In a country that sits precariously on a part of the globe rife with earthquakes and volcanic activity, there has always been a concept in Japanese culture that good things are not long for this world. One only has to study the poetry or language of the country to find expressions like bijinhakumei (beauty is short-lived), shogyomujo (everything is transitory) to see this way of thinking is inherent in the culture. The reverence held towards sakura could be said to draw somewhat from the image of the beautiful flower that blooms and dies so quickly.
Despite this tendency to accept that nothing is permanent, there are many movements within the country to preserve the culture itself that drives and fuels the Japanese identity. Culture being the vast and overarching concept that it is, there are any number of artistic or historically unique ideas that this encompasses; one particular aspect is architecture. “Registered Tangible Cultural Property (buildings and their plots)” is a word that essentially refers to buildings which have been deemed important cultural properties by the government. In order to be eligible for its status, as well as being over 50 years-old, a building must conform to one of the following before it can be recognized as a Registered Tangible Cultural Property:
- It must contribute to the historic landscape of the country.
- It must possess a good example of a unique architectural attribute.
- It must contain something that cannot be reproduced.
If a building meets the above requirements, the owner must first apply to the local government offices, who will then apply to the national government in order to receive official certification and registration. Once the building has been officially recognized, the owner will receive financial aid and tax exemptions from the government that will go towards the upkeep of the property. Through this method, many of the historic architectural treasures of the country are maintained.
There are more than 9,000 registered properties. While many of them are family homes, some of these are operated as hotels, or ryokan (Japanese inns). A number of these inns formed a collective community in 2010, known as the Japan Association of Inns for Architectural Conservation (JAIAC). The JAIAC aims to preserve, protect and promote Registered Tangible Cultural Property that operate as inns or hotels. Currently, there are some 80 inns, hotels and restaurants involved in the Association.
For travelers visiting Japan, spending a night in one of these cultural properties may well be the perfect opportunity to experience the traditional aesthetic of the country, by way of architecture, cuisine and hospitality. This article introduces three ryokan in Tohoku region (north-eastern Japan) that are active members in the JAIAC. Each inn had its own distinctive and unique characteristics. Notoya Ryokan in Yamagata Prefecture was like something from Miyazaki Hayao’s movie “Spirited Away” — a beautiful old wooden building that can be found on a sleepy onsen street running alongside a river. Stepping through the front porch of the inn was almost like entering into a fairytale world. In the evenings, guests wander the street through the gloaming, dressed in their yukata (a light cotton kimono); along paths with puddles of light illuminated by the lights from the old-fashioned street lamps.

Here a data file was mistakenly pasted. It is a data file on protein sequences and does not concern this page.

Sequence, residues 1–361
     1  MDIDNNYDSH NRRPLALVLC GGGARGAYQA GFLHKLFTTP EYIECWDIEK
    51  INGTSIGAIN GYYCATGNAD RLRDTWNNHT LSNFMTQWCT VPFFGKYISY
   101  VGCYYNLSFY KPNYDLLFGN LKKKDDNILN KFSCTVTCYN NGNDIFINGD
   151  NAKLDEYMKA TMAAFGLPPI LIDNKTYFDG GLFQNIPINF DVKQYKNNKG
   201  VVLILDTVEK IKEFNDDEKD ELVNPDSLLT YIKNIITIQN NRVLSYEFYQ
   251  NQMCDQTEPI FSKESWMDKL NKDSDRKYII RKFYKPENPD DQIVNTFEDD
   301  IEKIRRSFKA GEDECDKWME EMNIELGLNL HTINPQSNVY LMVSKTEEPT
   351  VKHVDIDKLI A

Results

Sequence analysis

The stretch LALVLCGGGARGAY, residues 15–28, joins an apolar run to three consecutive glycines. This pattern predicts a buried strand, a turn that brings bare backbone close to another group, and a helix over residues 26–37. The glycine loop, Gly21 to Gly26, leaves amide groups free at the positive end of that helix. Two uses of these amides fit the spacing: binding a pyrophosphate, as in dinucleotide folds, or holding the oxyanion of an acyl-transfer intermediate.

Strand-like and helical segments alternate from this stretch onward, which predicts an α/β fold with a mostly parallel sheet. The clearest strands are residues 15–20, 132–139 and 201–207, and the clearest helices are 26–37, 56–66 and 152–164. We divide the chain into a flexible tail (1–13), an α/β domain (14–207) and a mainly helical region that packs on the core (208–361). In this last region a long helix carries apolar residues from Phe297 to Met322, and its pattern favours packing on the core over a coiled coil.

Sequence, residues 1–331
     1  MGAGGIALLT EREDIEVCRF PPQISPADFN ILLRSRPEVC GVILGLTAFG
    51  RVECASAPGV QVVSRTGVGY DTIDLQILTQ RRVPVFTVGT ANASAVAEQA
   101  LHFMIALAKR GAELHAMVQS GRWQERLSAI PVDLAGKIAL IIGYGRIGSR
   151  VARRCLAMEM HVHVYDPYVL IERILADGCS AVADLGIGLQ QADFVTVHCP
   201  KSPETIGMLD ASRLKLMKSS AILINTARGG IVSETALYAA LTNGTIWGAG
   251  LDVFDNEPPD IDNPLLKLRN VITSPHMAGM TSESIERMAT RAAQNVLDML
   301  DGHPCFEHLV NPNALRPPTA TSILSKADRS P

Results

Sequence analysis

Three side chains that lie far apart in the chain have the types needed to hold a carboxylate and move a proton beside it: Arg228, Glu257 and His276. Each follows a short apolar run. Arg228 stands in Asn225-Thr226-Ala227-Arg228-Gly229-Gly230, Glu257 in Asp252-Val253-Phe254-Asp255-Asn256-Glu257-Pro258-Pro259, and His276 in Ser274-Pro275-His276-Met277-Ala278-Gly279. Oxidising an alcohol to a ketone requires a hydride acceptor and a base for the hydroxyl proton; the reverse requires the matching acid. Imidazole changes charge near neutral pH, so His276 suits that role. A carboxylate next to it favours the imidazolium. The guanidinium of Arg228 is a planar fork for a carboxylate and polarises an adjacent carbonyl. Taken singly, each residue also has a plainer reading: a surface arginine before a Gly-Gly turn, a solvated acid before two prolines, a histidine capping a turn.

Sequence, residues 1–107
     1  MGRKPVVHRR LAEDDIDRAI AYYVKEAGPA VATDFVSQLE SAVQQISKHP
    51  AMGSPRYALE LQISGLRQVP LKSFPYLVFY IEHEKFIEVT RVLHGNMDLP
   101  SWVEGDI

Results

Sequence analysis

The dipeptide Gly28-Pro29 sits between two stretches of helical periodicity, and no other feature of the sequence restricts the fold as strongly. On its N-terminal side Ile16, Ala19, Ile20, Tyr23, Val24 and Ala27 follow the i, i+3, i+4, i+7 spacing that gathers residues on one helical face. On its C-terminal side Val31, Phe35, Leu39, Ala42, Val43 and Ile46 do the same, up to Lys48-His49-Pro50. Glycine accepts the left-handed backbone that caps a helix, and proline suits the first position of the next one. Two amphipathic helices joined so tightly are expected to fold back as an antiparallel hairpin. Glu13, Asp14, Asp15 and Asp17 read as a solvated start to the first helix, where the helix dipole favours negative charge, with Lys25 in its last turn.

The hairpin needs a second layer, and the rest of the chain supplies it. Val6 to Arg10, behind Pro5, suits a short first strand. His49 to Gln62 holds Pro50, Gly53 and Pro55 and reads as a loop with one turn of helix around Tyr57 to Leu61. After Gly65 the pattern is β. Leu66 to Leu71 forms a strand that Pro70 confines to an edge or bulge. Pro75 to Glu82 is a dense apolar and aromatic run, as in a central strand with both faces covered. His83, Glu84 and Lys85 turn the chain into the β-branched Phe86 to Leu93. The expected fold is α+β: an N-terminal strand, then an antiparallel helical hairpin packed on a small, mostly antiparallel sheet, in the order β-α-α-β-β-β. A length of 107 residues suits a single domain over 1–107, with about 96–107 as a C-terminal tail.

Kowakubi Onsen Shohoen in Akita Prefecture was an incredibly impressive old family home. Visitors are first greeted by an old gate that stands on the threshold of the property. From the gate, one can see the old house with its two grand entrances – one for visitors, one for family. Even now the house seems to have remained unchanged since the Taisho era (1912-1926), and it has a delightfully spooky aura to it. Wicker chairs can be found by the windows looking out into the garden with its small wooded area surrounding a family shrine. The house seemed somewhat like the setting for an Agatha Christie novel, with its old wooden staircases and suits of samurai armor decorating the rooms.
Nishiya Ryokan in Yamagata Prefecture was found deep in the mountains, and was a vast sprawling complex of immaculate traditional wooden architecture. The building has an enormous amount of roof space, and the owner says that during winter clearing the snow off the roofs is no easy task. He must ask members of the town to come and help him clear the roofs, and even with a group of locals, it can still take hours or days. It is naturally moving to see how some people are painstakingly working to preserve the manmade beauty of the past – at no easy cost. While sitting in a hot spring bath in the morning, looking out at the garden with golden sunlight streaming through the trees, one can begin to understand that life is short and these peaceful fleeting moments must be enjoyed to the full. As sunbeams light the steam coming from the hot bath, one is reminded that these warm baths only exist because of the very belching volcanoes that litter, bless and threaten the archipelago.